Five Fall Patterns with Tips from Patty Lyons’ Knitting Bag of Tricks
I am a self-taught knitter who has done everything wrong. When I started knitting, I didn’t always know the “right” way to do something. These mistakes lead me to countless opportunities to do things better or easier. Over the years, I have been frequently asked to put all my tricks in one book. So here it comes! Patty Lyons’ Knitting Bag of Tricks is a book revealing how I went from self-taught knitter to knitting teacher. To get you more sneak peeks from the book and to celebrate the sweater season is finally here…
…Check out these 5 fall knitting patterns and the tricks (A-HA moments) I used or came up with while I designed these projects.
Skill Learned: Buttonhole & Best Pick Up
The Saugerties Cardi is an easy-fit, unisex, comfortable cardigan with deep pockets and cozy collar. This pattern also allows you to learn a ton of new skills along the way. One of the tricks I have shared in the book is teaching you how to make the best buttonhole.
A two-row buttonhole is one of the most common kinds of buttonholes. But it has two problems: on the bottom of our buttonhole, we have the gap and the dip from the start of our bind-off, and we have the chokehold at the end. So the question is: how to make a better buttonhole? In my book, I show you, step by step, how to make your buttonhole look magical when the bound-off stitches for the buttonhole are bordered by knits.
Skill Learned: Pick Up Stitches for V-Neck
One trick I have taught in my two patterns—Affiknity & Costa Maya is how to round the corner of a V-neck. The issue is: when we pick up a button-band on a V-neck, our band has to go straight, then around the curve created by the neck shaping. All too often the fabric puckers.
For this trick, we borrow from crochet, which adds stitches to turn a corner. We will add two YOs to our pick-up! Don’t forget to count those two YOs as stitches when counting your pick-up stitches.
Skill Learned: Sloped Cast-On
When I was working on the Palm Canyon sweater, a fun knit with an integrated sleeve and tons of options, that created the sleeves by casting on stitches at the start of each row, I was thinking about smooth seams on the shoulders.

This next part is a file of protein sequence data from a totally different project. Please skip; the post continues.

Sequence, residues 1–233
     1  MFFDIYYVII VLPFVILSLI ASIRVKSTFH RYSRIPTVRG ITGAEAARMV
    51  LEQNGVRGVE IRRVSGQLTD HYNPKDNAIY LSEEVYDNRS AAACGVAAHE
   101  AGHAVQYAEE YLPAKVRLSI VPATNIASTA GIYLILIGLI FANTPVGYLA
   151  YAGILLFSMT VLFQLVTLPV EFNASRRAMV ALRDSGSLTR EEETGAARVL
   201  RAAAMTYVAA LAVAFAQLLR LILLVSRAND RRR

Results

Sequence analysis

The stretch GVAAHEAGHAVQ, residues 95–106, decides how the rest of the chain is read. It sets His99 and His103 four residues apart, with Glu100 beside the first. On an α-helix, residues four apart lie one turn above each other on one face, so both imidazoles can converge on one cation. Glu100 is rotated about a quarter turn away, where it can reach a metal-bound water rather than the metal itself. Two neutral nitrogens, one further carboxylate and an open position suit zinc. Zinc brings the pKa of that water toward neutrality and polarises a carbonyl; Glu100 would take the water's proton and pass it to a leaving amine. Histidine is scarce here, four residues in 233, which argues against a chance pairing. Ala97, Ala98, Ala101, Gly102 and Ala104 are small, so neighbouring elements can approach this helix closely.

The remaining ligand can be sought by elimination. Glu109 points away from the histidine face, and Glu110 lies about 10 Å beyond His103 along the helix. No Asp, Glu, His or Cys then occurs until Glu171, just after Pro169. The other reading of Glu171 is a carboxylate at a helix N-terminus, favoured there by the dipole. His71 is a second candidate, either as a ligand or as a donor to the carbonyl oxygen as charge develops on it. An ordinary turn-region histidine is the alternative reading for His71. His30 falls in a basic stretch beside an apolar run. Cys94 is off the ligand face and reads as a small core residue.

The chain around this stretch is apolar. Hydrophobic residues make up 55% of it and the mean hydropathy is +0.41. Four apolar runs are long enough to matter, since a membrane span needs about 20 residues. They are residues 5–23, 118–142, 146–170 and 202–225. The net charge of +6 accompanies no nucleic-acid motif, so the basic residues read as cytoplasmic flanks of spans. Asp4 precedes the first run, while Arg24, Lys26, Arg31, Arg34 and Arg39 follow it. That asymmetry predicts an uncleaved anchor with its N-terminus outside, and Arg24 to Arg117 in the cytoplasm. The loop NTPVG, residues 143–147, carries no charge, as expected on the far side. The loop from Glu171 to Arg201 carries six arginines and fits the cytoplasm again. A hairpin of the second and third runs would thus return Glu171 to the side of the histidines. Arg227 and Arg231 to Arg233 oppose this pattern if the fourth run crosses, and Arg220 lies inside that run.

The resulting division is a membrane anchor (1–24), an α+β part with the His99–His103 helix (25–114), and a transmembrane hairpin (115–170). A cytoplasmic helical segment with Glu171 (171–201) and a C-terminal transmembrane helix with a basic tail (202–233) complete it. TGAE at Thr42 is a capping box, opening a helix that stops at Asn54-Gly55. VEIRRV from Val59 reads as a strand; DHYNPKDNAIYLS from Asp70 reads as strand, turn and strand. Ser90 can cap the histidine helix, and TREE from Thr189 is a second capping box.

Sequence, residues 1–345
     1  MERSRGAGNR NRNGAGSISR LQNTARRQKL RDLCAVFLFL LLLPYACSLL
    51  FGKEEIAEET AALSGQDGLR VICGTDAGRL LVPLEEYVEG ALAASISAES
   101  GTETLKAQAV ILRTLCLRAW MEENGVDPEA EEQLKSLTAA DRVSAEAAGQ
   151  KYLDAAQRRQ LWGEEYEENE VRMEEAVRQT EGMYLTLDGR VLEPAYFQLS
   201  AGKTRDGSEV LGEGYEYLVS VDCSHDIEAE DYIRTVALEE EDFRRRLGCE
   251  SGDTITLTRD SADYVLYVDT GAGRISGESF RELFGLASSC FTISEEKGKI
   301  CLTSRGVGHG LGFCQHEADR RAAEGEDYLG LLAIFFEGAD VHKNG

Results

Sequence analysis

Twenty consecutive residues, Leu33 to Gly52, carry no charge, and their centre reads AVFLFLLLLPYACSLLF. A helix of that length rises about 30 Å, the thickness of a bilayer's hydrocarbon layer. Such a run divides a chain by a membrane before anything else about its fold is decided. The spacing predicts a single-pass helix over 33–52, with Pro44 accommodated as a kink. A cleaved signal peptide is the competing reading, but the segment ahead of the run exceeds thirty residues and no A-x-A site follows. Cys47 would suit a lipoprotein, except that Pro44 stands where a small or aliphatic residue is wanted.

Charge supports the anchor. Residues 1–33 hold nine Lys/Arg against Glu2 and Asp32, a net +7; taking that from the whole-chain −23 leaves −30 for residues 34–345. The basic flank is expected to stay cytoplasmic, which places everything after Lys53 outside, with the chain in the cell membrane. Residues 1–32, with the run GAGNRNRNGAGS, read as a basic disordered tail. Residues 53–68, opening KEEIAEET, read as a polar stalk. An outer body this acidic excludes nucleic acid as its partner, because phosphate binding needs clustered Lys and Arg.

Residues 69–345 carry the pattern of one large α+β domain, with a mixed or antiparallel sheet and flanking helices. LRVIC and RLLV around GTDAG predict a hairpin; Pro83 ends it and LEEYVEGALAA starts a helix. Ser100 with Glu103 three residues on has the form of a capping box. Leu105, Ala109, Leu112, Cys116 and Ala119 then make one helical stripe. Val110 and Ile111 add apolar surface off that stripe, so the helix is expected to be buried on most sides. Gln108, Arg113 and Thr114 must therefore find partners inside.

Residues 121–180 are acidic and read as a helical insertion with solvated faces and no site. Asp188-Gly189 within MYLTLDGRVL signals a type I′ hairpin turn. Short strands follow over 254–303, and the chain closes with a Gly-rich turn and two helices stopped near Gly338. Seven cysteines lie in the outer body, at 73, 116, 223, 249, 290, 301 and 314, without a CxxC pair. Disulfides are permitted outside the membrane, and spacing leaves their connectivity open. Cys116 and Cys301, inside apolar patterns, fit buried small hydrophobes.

Stair-step sleeve cast-ons aren’t any more fun to seam than shoulder bind-offs. So I thought: if you can smooth out the top with a sloped bind-off, why not a sloped cast-on? In my book, I will reveal the trick and show you how to get a smooth, easy-to-seam dolman sleeve.
Skill Learn: One Move SSK
Last but not the least: one of my favorite tricks in the book! Used in my Tortola tee, my ah-ha moment in fixing the SSK came when I realized why the bind-off always leaves a big loop at the end or why the first stitch of a row looks loose: all our stitches are made with one continuous piece of yarn, flowing from one stitch to the next. That means the stitch we’re knitting now affects the stitch that came before it.
To fix that, I came up with the following move that both tightens the top stitch and allows you to do the SSK in one move, making it as fast as the K2tog. No need to prep or slip or do anything in advance.
STEP 1: Advance the next two stitches to the tip of the left needle. Insert the tip of the right needle into the front loop of the first stitch and pivot around to enter the back loop of the second stitch. This keeps the structure of variation #2 — the top stitch is open (you are knitting in the hole), while twisting the bottom one (you are knitting through the back loop).
STEP 2: Pivot the right needle away, stretching out the second stitch. The stretching will tighten up the first stitch.
STEP 3: Wrap the working yarn around the right needle and knit the two stitches together by pulling the needle out through the same spot the needle went in, at the base of the little triangle formed. This move will make the top stitch smaller.
STEP 4: Pull the new stitch off the needle, letting the old first loop drop off, and as you are exiting, gently tug the old second loop with your left needle. This removes any remaining slack out of the first stitch that now sits on top.
STEP 5: When you enter the next stitch on the left needle, give a tug to your working yarn to snug up your one-move SSK.
If you enjoyed these tips, be sure to grab a copy of the book, which will be officially released on October 11! If you haven’t pre-ordered it yet, get your AUTOGRAPHED COPY when you order directly from my store here! Or purchase the Bag of Tricks Gift Bundle to save even more. We currently added two more new versions of the Knitting Bag of Tricks project bags in the stores, check out here for all six collectible designs!